As I say, I don’t think I have it in me to do any of these people’s jobs, but if I could be the assistant to Toshihiro Manzen, who runs a small craft shochu distillery in Kagoshima prefecture, I would be a happy man. It was such a beautiful place: in the middle of the forest, birdsong drifting into the distilling hall, the sound of the river …. The stills, believe it or not, are wooden and the spirit they produce is really distinctive. I had a tremendous sense when I was there that Manzen san was toiling away at something that will one day get international recognition.

9. Your favorite bar snack (or food with alcohol)?

Cheese. Any cheese. Not because it goes with all alcohol but because I love cheese and am starved of it here in Japan (see page 204 of my book).

10. Where are we most likely to run into you in Tokyo? At which bar?

At a not-very-fancy izakaya called Mugiya out the back end of Shimbashi station. It serves standard Japanese lager in small glasses and the fried spam gives me terrible jip the next morning, but my colleagues at work go there so I go too. It is about the company as much as the drink. When I get my way, we go to a place in Nishi-Shimbashi called Craft Beer Market, which has reasonably priced craft beer that is becoming increasingly popular among my colleagues. Recently, my roistering has been restricted because my wife and I just had a baby.

Okinawa Washita Shop in Ginza 沖縄わしたショップ

Okinawa Washita Shop

Okinawa Washita Shop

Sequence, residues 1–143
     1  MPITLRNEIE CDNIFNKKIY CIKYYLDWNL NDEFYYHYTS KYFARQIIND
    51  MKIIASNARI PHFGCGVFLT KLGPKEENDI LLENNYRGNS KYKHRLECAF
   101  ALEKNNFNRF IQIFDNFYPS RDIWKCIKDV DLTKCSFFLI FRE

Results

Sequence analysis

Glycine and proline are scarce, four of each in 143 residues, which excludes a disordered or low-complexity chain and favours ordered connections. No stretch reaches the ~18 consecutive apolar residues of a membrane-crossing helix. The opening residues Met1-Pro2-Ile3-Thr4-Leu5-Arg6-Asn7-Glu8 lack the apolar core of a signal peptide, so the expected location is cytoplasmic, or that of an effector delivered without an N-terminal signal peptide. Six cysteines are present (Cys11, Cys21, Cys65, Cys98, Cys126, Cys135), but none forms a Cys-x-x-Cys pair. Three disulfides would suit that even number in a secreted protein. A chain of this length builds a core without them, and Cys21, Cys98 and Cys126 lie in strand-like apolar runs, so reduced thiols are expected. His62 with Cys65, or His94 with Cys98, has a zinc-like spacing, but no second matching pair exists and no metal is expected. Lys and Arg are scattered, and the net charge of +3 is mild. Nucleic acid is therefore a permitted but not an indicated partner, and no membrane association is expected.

Okinawa Washita Antenna Shop 沖縄わしたショップ

Chuo-ku, Ginza 1-3-9

03-3535-6991

10:00 – 19:00, no holidays

www.washita.co.jp/info/shop/ginza/index.html (Japanese)

The Okinawa Washita Shop in Ginza may be one of the most unique antenna shops in the city due to the unique food and beverage culture of Okinawa. The cuisine of the southernmost islands of Japan is very different from what you will find in the rest of the country. This tropical islands are rich with sea vegetables, pork and the local shochu called awamori. The basement is filled with awamori is a distilled beverage made from Thai rice and has a unique funk to it that makes it the perfect partner for the Okinawan cuisine. Okinawa is also famous for the longevity of the Okinawans, which many attribute to the diet and awamori. The smoked skin from a pig’s face is sliced for a snack food. Fresh produce including the bitter goya, tropical fruits and a citrus shikuwasa juice, great for cocktails, shimadoufu (a very dense, rich tofu), and Okinawan tea (sanpincha). I also was so happy to find a Japanese grater called “shiri shiri ki” that is ideal for grating carrots for salads or spring rolls. We had one in our home growing up and used it often. I also like it for grating potatoes for hash browns. I haven’t seen it at any other shop in Japan, just here.